David Lipsey on another elderly care scandal waiting to happen
2016. The new partnership on paying for long term care, based on the all-party consensus on the Dilnot report, comes into effect. The government’s failed attempt in 2013 to castrate its own deferred payment scheme by making those with more than £23,250 in assets ineligible was defeated. Now, no one now will have to lose their home or their fortune because they are unlucky enough to live a long time in a care home – surely a cause for national rejoicing?
Well it should be – except that, instead, the newspapers are full of a different care story. A 90-year-old lady – let us call her Doris – had filled in the forms to apply for the new deferred payment scheme, whereby the council lends her the money to pay for her care secured against the value of her home. Now Doris is pretty sharp for her age but alas she has made a mistake. She didn’t realise that she is only entitled to enter the scheme if she has less than £23,250 in other assets besides her home – actually she doesn’t know what assets mean and left that section of the form blank. And suddenly the local authority is demanding that she pay up the money it gave her in error.
“But I didn’t understand”, says Doris.
“That’s no excuse” says the council. “Hadn’t you read Clause 67 (4) of the Care Bill. Here it is, in black and white “where a person represents or fails to disclose (whether fraudulently or otherwise) to a local authority any material fact … the following sums are due to the authority from the person … You owe us.”
What happens next? They go to court? Seize her savings? Occupy her home? Who knows? But the scandal over Doris and her council goes viral. Lawyers opine that the original bill breaches article 6 of the European Convention of Human Rights, since it places the onus on the person to show why money should not be recovered by the local authority rather than on the local authority to show it should be.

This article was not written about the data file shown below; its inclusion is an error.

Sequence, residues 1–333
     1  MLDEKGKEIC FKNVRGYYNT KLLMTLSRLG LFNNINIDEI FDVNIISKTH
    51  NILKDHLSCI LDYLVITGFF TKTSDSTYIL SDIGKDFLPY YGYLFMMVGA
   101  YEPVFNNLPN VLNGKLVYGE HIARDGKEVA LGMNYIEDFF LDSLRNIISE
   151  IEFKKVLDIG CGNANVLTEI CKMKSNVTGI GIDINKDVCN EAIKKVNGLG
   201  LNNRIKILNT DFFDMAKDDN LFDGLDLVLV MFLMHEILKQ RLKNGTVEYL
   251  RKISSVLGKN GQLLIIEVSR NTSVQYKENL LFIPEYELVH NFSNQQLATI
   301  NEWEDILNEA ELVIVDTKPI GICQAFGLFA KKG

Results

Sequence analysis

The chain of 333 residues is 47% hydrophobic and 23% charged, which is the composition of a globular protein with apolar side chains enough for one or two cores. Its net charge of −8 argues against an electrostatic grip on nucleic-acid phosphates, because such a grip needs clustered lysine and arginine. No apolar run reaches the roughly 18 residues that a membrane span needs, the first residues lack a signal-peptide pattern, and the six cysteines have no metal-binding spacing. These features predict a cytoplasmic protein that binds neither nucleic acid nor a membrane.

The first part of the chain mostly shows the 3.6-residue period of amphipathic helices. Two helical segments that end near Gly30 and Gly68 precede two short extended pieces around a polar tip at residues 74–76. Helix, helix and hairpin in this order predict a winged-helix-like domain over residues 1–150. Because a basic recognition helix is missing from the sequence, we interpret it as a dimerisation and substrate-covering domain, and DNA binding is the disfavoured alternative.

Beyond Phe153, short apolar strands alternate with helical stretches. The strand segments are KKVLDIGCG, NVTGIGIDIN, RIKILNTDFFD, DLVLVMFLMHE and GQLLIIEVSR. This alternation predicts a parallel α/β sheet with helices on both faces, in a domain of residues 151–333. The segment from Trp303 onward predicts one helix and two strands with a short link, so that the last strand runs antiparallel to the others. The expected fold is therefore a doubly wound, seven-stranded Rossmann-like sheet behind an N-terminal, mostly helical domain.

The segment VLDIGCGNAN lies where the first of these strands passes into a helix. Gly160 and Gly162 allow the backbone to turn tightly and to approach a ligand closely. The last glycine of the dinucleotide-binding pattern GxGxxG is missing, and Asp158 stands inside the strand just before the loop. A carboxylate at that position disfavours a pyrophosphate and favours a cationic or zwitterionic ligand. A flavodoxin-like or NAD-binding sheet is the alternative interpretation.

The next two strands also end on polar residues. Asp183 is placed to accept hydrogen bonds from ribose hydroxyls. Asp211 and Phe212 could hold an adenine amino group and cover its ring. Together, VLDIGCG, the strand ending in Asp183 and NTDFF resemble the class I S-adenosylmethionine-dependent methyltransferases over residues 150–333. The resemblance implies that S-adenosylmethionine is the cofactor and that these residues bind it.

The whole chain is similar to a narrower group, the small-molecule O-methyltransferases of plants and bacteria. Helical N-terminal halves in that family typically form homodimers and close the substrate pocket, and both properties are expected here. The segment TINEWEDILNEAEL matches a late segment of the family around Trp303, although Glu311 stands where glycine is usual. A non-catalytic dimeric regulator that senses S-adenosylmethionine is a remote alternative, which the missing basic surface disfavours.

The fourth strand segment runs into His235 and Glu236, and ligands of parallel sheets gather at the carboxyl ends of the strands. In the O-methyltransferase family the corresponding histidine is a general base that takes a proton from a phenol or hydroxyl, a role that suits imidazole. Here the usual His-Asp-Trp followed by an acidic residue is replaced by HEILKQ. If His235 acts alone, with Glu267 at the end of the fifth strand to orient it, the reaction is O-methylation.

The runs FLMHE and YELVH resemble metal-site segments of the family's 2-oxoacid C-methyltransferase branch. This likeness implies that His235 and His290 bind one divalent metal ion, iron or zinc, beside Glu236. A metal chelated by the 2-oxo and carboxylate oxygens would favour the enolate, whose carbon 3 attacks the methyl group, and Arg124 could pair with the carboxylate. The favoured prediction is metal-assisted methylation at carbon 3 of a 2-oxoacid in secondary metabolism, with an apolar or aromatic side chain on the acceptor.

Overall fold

Of course, the authorities go into a tizzy. The council says that is what the government told us to do. The government points to some obscure guidance where it told the council not to do it. No-one knows who is to blame. But they do soon know the result, as Doris, stressed out by the incident, becomes seriously ill and sadly passes away.
This may seem like a fairy story of a peculiarly dark kind. But if it is fantasy, why is the government putting through the bill in this vicious form? Why has Earl Howe, the minister, usually the most reasonable of men, rejected my amendment which would mean that the debt would only be collected if the old person had fraudulently or negligently misrepresented the position when they should have known better?
I don’t know the answer. I know only that there is a potential here for grotesque injustice to older people. And I know too that the result will be that many older people will be put off applying for benefits to which after a lifetime of hard work they are entitled. For shame!
Lord David Lipsey is a former member of the Royal Commission on long-term care of the elderly and a backbench Labour Peer
Published 15th October 2013